Emad Zibar said his Facebook posts were only offering words of support to his people. Israeli authorities said they were instigating violence.

Israeli troops arrested the 23-year-old Palestinian in a night raid on his West Bank home last summer. Among the Facebook posts listed in the indictment was one that read, “It is written in blood: death, death, death to Israel.”

Zibar was jailed for nine months and fined $550 for incitement and supporting a terrorist entity.

Amid a wave of stabbing, shooting and car-ramming attacks that began nearly three years ago, Israel has stepped up its monitoring of social media and has questioned or jailed users such as Zibar who are deemed to have posted incendiary messages.

Security forces and intelligence agencies are also using computer algorithms to predict the likelihood that a given person will carry out a lone-wolf attack and to intervene before it happens. 


Israel says its methods are working, pointing to a sharp drop in attacks carried out largely by young, disaffected Palestinians. But those methods have generated serious questions about an erosion of privacy, freedom of speech and human rights, for both Palestinians in the West Bank and Arab citizens of Israel — people who rights groups say are most likely to be prosecuted on vague “incitement” charges or to end up on the wrong side of an algorithm. 

For many Palestinians, the knowledge that Israeli authorities are tracking their social media activities is seen as just another level of oppression and restriction in an in­trac­table, ­decades-old conflict.

In 2017, Israel arrested about 300 Palestinians in the West Bank and East Jerusalem on charges related to posts on Facebook, according to a report by the Arab Center for Social Media Advancement. Official numbers have not been made public. 

Zibar’s arrest came days after a brutal knife attack in the Israeli settlement of Halamish, near his home in the West Bank village of Kobar. One of Zibar’s neighbors, Omar al-Abed, 17, stole into the Jewish community late on a Friday night and fatally stabbed three members of a family. Hours earlier, Abed, who Israelis said acted alone, had posted on Facebook: “All I have is a sharpened knife and it answers the call of al-Aqsa.”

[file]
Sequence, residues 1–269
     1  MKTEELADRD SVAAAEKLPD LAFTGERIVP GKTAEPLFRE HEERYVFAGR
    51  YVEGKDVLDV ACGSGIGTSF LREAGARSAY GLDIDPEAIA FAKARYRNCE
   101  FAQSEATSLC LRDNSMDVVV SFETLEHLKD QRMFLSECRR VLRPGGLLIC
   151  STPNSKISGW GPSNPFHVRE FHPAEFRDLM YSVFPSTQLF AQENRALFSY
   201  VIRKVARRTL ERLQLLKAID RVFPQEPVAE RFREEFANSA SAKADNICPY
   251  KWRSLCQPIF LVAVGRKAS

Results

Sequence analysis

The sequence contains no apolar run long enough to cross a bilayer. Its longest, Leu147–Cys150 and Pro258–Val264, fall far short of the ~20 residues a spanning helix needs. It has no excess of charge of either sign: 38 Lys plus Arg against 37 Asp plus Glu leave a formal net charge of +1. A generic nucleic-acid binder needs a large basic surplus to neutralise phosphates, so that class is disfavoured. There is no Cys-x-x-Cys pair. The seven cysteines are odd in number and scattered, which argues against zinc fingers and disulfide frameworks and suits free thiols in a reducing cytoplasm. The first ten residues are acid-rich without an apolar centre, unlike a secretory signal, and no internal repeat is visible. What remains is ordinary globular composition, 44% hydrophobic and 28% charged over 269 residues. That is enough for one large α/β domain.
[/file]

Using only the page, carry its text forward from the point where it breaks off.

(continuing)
Israeli settlers comfort each other outside the home where a Palestinian stabbed three members of an Israeli family to death in a Jewish settlement in the West Bank in July 2017. (GALI TIBBON/AFP/Getty Images)

From shootings in San Bernardino, Calif., to Las Vegas to car-ramming attacks in Nice, France, and Barcelona, the lone-wolf attacker has presented a particular challenge to law enforcement across the globe. 

In Israel and the West Bank, some 65 people, including two Americans, a Briton and members of the security forces, have been killed in lone-wolf attacks since October 2015, according to the Israel Security Agency. Human Rights Watch reports that more than 270 Palestinians have been killed either carrying out such attacks or in subsequent encounters with Israeli troops.

A new law enforcement unit that includes police and general security personnel has worked to define algorithms to detect potential attackers and inciters. 

“You adapt the algorithms, and you have human resources pinpoint people even before they go out and do what they want to do,” said Gilad Erdan, Israel’s minister of public security, who has also pressed Facebook and Twitter to shut down accounts that are used to call for violence. 

The key terms the researchers look for online change with current affairs, Erdan said, although common key references include Gaza and al-Aqsa Mosque, which stands on a flash-point holy site in Jerusalem.